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Chloroquine information from DrugsUpdate  

See Available Brands of Chloroquine in India

P - Caution when used during pregnancy
L - Caution when used during lactation

Chloroquine is a 4-aminoquinoline drug used in the treatment or prevention of malaria.



Chloroquine is used for malarial prophylaxis (as a suppressive) and in managing acute attacks of malaria. It is highly active against erythrocytic forms of P. vivax, P. malariae and P. falciparum. It influences Hb digestion by increasing intravesicular pH in malaria parasite cells and interferes with the nucleoprotein synthesis of the patient. It is also effective in extra intestinal amoebiasis. In RA chloroquine and more effectively hydroxychloroquine have a disease-modifying effect.

Rapid and complete (oral); rapid (IM/SC).

Widely distributed; high concentrations in kidneys, liver, lungs and spleen; crosses the placenta; enters breast milk.

Extensively hepatic; converted to monodesethylchloroquine.

Urine (as unchanged drug and metabolite).

Chloroquine Indications / Chloroquine Uses

Information Not Available

Chloroquine Adverse Reactions / Chloroquine Side Effects

Retinopathy, hair loss, photosensitivity, tinnitus, myopathy (long-term therapy). Psychosis, seizures, leucopenia and rarely aplastic anaemia, hepatitis, GI upsets, dizziness, hypokalaemia, headache, pruritus, urticaria, difficulty in visual accommodation. Potentially Fatal: Cardiac and respiratory arrest, CV collapse, convulsions, coma.


Effects/Laboratory Tests
Complete blood cell counts should be made periodically if patients are given prolonged therapy. If any severe blood disorder appears which is not attributable to the disease under treatment, discontinuance of the drug should be considered.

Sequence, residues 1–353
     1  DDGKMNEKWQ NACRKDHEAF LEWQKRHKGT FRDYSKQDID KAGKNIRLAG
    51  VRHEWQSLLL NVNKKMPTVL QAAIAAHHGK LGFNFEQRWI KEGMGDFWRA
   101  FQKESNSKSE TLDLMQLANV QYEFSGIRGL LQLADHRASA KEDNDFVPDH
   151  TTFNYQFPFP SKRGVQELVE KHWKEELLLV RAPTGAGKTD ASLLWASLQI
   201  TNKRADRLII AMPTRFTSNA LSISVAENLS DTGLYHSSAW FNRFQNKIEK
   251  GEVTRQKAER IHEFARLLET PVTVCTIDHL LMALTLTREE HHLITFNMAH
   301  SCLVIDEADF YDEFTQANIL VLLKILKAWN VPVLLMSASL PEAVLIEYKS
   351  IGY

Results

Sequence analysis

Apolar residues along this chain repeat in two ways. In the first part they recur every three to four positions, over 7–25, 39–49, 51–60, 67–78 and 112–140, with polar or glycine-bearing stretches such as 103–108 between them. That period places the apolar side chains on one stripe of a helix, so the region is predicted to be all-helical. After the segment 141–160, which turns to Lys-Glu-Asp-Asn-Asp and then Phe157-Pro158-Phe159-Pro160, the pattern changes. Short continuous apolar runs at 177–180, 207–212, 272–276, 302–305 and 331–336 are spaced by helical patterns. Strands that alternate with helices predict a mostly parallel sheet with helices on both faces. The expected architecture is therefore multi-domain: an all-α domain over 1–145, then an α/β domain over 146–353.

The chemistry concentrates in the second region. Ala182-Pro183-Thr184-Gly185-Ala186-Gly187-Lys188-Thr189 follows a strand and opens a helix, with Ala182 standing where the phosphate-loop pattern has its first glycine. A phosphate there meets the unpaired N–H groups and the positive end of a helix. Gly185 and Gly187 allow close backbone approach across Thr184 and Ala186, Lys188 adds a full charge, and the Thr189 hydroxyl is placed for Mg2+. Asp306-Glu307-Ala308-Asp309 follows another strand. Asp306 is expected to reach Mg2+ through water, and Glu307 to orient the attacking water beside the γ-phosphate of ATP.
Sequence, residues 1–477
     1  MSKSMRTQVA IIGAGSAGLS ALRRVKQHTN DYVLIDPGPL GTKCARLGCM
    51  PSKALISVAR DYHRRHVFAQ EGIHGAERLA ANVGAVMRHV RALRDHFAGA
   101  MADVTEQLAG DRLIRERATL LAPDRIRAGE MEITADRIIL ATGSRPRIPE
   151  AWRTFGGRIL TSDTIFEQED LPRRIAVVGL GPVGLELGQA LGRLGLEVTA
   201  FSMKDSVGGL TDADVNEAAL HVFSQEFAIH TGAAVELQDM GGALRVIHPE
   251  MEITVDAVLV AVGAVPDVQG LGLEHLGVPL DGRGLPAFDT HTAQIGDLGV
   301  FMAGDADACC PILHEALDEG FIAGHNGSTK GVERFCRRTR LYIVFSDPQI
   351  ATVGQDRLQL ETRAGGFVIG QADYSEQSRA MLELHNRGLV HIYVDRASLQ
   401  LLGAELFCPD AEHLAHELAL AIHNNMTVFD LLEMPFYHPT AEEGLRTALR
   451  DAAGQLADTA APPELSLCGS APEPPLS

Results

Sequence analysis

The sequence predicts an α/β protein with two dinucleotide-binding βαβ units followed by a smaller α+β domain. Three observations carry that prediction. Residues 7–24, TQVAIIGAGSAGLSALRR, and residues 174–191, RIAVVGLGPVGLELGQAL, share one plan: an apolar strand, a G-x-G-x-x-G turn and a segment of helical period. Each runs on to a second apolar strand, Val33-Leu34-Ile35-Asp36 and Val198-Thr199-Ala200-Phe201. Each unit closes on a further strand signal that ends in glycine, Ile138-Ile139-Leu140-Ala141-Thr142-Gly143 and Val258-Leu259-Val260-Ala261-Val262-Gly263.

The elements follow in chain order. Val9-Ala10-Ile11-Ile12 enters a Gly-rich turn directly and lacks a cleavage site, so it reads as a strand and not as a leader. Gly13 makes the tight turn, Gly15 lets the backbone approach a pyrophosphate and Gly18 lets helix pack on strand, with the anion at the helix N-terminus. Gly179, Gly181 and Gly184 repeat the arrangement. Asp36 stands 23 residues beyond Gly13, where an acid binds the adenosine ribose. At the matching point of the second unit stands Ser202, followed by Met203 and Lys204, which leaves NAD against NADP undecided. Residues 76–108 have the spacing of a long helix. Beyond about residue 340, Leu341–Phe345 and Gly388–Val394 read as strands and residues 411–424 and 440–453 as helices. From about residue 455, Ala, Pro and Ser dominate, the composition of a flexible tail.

The drug should be administered with caution to patients having G-6-PD (glucose-6 phosphate dehydrogenase) deficiency.

Auditory Effects
In patients with preexisting auditory damage, Chloroquine should be administered with caution. In case of any defects in hearing, Chloroquine should be immediately discontinued, and the patient closely observed.

Hepatic Effects
Since this drug is known to concentrate in the liver, it should be used with caution in patients with hepatic disease or alcoholism or in conjunction with known hepatotoxic drugs.

Central Nervous System Effects
Patients with a history of epilepsy should be advised about the risk of Chloroquine provoking seizures.

Drug Interactions
Antacids and kaolin:Antacids and kaolin can reduce the absorption of Chloroquine; an interval of at least 4 hours between intake of these agents and Chloroquine should be observed.

Cimetidine can inhibit the metabolism of Chloroquine, increasing its plasma level. Concomitant use of cimetidine should be avoided.

In a study of healthy volunteers, Chloroquine significantly reduced the bioavailability of ampicillin. An interval of at least two hours between intake of this agent and Chloroquine should be observed.

After introduction of Chloroquine (oral form), a sudden increase in serum cyclosporine level has been reported. Therefore, close monitoring of serum cyclosporine level is recommended and, if necessary, Chloroquine should be discontinued.